Original Text: Aoife Lawton (General Manager, National Health Library and Knowledge Service, Health Service Executive)


8. Corporate Libraries

Twenty years ago, there were in-house libraries managed by librarians in many industries in the private sector: accountancy, banking, engineering, law, manufacturing and others.  This library sector has changed considerably since then.  While there are still some librarians working in the private sector, using their information management skills, they are not necessarily working in or managing library services.  The legal sector is an exception, with many of Ireland’s corporate law firms having an in-house library staffed by law librarians.  These librarians manage and develop print and online collections, enquiry services, legal information literacy programmes, current awareness services and library and knowledge management systems.

In recent years, law librarians have taken on the challenges of hybrid working brought about by COVID-19.  Whilst print text books are still important in the legal world, the move to a hybrid working model has accelerated the reliance on digital resources.  Thus, law librarians work closely with practitioners to ensure that they have online access to all the materials they need when they need it and training on the use of such resources is recognised as a priority.  As information technology is evolving so too is the role of the law firm librarian and the future looks bright.

Original Text: Ann O’Sullivan (Knowledge Services Manager, A&L Goodbody)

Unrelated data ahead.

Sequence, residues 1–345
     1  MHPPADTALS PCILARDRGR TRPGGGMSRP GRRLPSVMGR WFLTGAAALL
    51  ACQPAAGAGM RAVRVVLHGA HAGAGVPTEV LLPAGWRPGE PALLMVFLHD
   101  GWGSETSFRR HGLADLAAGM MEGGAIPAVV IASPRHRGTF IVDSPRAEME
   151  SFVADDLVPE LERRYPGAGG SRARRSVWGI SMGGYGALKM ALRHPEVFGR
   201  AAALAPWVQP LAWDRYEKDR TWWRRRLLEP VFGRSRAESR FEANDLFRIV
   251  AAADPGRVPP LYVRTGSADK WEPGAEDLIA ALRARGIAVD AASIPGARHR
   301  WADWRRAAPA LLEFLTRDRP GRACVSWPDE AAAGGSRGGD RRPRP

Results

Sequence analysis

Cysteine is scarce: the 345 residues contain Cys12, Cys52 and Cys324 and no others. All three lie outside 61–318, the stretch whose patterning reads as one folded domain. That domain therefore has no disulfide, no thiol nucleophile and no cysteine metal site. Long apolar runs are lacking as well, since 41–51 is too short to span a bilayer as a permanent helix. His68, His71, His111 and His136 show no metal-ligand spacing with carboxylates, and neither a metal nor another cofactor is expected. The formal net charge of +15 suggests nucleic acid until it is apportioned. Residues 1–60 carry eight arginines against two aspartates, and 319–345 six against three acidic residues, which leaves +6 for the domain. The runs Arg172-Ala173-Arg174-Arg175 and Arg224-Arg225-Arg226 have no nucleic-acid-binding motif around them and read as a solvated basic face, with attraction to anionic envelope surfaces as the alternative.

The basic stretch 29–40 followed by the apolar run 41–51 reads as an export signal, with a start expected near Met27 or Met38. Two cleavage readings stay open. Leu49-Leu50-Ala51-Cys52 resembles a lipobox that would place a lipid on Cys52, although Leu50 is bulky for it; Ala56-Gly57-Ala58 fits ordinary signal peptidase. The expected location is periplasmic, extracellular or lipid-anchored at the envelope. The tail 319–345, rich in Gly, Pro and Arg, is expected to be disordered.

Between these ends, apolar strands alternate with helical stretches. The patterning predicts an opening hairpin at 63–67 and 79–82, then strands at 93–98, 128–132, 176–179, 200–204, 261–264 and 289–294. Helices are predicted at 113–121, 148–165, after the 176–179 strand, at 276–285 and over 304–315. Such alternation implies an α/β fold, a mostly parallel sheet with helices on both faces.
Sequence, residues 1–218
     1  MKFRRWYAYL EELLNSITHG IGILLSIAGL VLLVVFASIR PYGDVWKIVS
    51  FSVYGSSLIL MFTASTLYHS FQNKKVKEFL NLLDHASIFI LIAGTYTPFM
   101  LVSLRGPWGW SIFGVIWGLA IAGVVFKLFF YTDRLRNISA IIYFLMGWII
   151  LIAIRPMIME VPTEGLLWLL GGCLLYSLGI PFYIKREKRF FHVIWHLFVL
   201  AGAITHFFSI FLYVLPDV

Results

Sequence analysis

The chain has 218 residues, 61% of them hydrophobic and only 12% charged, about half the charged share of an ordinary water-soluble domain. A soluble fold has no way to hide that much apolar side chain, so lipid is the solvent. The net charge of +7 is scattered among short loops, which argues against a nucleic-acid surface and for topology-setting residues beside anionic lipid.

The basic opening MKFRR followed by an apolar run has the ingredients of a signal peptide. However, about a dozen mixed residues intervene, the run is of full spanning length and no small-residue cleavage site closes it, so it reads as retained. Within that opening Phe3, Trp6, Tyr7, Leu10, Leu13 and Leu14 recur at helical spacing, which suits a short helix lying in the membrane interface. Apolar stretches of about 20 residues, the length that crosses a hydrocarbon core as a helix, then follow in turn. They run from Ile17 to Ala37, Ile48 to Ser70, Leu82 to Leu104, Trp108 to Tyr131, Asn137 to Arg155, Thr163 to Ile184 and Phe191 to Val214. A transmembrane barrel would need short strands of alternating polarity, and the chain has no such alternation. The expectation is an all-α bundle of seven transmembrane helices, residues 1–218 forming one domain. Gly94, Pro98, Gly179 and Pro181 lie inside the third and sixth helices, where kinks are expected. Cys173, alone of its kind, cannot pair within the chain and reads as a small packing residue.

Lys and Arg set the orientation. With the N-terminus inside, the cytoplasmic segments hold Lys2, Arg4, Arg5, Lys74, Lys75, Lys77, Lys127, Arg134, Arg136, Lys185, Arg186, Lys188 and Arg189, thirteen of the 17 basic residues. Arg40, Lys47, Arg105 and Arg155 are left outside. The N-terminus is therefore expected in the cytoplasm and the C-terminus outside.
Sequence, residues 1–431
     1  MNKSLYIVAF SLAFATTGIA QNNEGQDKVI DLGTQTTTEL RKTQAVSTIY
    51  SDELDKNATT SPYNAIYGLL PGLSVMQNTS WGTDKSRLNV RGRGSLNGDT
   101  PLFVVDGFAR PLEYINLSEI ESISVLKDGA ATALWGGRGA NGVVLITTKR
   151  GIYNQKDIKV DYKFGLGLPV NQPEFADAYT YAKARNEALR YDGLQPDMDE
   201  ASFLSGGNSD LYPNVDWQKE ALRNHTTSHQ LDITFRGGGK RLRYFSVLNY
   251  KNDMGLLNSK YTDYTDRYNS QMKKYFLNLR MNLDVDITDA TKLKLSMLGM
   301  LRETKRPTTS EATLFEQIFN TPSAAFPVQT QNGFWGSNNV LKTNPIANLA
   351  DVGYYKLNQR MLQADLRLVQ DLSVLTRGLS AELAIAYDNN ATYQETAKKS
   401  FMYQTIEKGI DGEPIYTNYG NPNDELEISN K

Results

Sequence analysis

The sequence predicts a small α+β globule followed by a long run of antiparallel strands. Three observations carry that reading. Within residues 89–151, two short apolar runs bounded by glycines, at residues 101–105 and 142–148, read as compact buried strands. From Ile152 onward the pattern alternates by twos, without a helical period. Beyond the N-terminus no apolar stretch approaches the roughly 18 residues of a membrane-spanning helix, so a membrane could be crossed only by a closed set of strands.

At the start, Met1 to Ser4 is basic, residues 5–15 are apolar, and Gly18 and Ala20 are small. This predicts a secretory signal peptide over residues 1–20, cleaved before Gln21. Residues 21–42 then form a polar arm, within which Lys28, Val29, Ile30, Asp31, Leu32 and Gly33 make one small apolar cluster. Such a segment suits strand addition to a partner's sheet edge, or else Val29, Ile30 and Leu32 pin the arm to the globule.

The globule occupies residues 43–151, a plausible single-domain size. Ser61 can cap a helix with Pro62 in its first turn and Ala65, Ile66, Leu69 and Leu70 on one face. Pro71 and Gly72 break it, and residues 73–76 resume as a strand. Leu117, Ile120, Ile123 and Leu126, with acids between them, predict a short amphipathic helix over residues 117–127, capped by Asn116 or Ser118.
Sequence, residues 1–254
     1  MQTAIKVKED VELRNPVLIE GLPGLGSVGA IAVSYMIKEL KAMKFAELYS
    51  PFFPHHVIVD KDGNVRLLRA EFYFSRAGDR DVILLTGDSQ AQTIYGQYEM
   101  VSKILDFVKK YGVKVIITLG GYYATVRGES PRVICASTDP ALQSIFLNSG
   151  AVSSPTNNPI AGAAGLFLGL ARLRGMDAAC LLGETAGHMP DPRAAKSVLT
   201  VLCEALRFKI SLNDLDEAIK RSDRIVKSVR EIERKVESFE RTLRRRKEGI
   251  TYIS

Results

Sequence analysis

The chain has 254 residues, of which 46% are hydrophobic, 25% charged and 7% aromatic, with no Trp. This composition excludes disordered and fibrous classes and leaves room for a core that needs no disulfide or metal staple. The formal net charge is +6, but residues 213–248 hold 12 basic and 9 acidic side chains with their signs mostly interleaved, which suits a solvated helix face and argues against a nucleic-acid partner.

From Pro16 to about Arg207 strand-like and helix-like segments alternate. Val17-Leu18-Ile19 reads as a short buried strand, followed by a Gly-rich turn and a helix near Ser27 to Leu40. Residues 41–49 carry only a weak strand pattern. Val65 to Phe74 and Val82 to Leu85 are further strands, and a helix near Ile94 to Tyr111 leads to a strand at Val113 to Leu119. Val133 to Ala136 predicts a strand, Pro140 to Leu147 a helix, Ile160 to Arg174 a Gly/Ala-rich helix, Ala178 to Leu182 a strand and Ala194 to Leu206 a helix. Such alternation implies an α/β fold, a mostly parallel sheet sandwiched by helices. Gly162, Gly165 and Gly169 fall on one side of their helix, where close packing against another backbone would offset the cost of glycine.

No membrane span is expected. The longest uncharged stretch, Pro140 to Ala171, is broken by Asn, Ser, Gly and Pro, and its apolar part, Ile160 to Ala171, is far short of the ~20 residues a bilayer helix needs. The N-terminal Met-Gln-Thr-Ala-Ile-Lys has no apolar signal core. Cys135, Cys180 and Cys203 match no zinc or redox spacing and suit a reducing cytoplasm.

9. Government Libraries

The Government Libraries sector in Ireland remains strong and vibrant, although its profile has changed significantly over the past 20 years.  Many government departments no longer have a library and, if they do, it is often not staffed by qualified librarians.  However, the sector has seen growth in government agencies and analogous independent agencies.

The job titles of staff in this library sector are varied – including Librarian, Information Manager and Knowledge Manager.  The roles are also varied, with many involved in traditional library activities such as collection management, acquisition, current awareness and research support.  New roles include intranet and website management, knowledge management, repository management and information literacy training.  Undoubtedly, the role of government libraries will continue to develop in support of government strategies and a policy of evidence-based decision making and digital government.

Government librarians network and share experience through the Government Libraries Section (GLS) of the Library Association of Ireland.  The GLS also strives to promote and develop the role of libraries throughout the civil service.

Original Text: Noeleen Murtagh (Librarian, Food Safety Authority of Ireland and Acting Chair, Government Libraries Section of the Library Association of Ireland)